That said, I played through all three Uncharted games more or less back to back, with Undead Nightmare and its similar shooting mechanics thrown in for good measure. I think a certain amount of whack-a-mole ennui had set in by that point.

    I have to commend you on your excellent taste in gaming – your playlist always appears to mirror my own. I actually follow your blog as much for your game reviews as your book news…

  • James says:

    Sane as Batman Begins then really. Doesn’t kill Ra’s, but leaves him in a position where he can’t possibly live.

    Batman in the comics would have saved him. That’s sort of the key point of that version of the character, the reason the authorities give him free reign.

    Of course, because he never kills, hundreds of Gothamites die when the uber-villains escape from jail instead every week.

    But noone’s perfect.

  • Matt says:

    Meh I thought it was better than Batman: AA. It was far more ambitious, the controls were better and more diverse without crossing into overly complex, the side missions were more numerous and more entertaining. It was also longer than Asylum. Most boss fights in asylum, other than Ivy, were variations of titan battles, which got a little repetitive. Arkham City’s boss fights were so diverse, with Ra’s al Ghul, Clayface, Grundy, Freeze, and Penguin all having distinct boss battle mechanics.

    As for story, yes Arkham City is muddled, but honestly most video game stories are average at best, and for a batman game, I’ll sacrifice story for gameplay. The story is weaker because of the huge cast of villians it tries to tie together, but the gameplay is better for it. I definitely missed Scarecrow though I have to admit.

    Soundtrack was better in the sequel too.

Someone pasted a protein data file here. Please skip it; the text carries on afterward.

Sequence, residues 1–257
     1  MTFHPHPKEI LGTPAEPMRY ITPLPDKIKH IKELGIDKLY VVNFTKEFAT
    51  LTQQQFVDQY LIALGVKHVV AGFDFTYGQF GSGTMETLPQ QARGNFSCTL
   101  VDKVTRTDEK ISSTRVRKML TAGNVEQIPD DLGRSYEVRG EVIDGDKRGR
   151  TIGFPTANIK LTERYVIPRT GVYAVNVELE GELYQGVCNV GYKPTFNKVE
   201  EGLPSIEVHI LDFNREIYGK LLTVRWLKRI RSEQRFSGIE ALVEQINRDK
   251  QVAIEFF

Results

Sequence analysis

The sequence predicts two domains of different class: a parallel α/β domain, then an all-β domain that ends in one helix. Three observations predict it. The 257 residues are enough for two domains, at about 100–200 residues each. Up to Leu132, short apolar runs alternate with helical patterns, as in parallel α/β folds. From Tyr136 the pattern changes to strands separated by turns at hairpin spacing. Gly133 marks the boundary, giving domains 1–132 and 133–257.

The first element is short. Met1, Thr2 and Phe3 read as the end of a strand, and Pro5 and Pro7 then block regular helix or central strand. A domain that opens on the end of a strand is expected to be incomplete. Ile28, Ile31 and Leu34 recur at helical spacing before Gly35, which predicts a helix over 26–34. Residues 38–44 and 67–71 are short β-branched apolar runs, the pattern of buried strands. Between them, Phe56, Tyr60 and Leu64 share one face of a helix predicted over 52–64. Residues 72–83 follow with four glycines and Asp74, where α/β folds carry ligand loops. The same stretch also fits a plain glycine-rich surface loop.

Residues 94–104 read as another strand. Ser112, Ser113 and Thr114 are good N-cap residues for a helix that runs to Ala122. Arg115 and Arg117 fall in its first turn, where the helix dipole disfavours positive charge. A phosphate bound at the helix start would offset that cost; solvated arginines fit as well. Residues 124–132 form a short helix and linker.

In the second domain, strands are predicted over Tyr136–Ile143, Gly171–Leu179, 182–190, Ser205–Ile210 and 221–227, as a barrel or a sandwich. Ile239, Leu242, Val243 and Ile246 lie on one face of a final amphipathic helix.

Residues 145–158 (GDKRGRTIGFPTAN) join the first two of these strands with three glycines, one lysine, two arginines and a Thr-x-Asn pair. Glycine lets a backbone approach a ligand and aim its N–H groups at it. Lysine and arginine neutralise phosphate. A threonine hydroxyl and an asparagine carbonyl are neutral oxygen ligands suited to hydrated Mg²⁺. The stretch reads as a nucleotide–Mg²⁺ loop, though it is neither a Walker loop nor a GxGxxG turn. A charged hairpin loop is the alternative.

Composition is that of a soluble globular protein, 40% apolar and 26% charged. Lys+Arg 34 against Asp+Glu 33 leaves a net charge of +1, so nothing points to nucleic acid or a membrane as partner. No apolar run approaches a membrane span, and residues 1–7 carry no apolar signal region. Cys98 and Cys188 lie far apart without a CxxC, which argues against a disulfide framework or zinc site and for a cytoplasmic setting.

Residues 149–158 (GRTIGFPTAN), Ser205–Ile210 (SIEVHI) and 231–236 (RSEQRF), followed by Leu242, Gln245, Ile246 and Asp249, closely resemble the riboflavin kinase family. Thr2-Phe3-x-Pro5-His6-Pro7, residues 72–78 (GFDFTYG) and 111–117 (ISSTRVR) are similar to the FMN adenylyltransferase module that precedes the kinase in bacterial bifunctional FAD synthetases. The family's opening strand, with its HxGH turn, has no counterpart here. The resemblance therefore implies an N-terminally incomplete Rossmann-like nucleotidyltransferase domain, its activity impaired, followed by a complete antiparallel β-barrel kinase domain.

I think the one point you make that is really bang on though is that it didn’t feel as fresh and new, as we are already kind of used to the controls and style. Personally, I hope the studio goes on to attempt a Superman game or another DC hero, rather than rehashing Bats to death.

  • David says:

    Personally I felt the game added to the comic book world of Batman. I’m a comic geek so all the little details added up.

    I also felt moving around in the city added to Batman’s character which further defines who Batman is. The first game was so linear and condensed you could have been Robin and it wouldn’t matter. In Arkham City it’s clear this is who Batman is. He is a protector of the city and there is a responsibility he must uphold. Also with so many villains you get the impression this is Batman’s typical MO. Swing around constantly facing new foes and new challenges.

    I agree about the 100% completion. I saved 3 Riddler hostages but have no desire to run around capturing another 200 Riddler trophies.

    I also thought the story made a lot of bold decisions, killing villains off, playing with the universe without fear of annoyed fans. They aren’t just using Batman, they’re writing him a new story.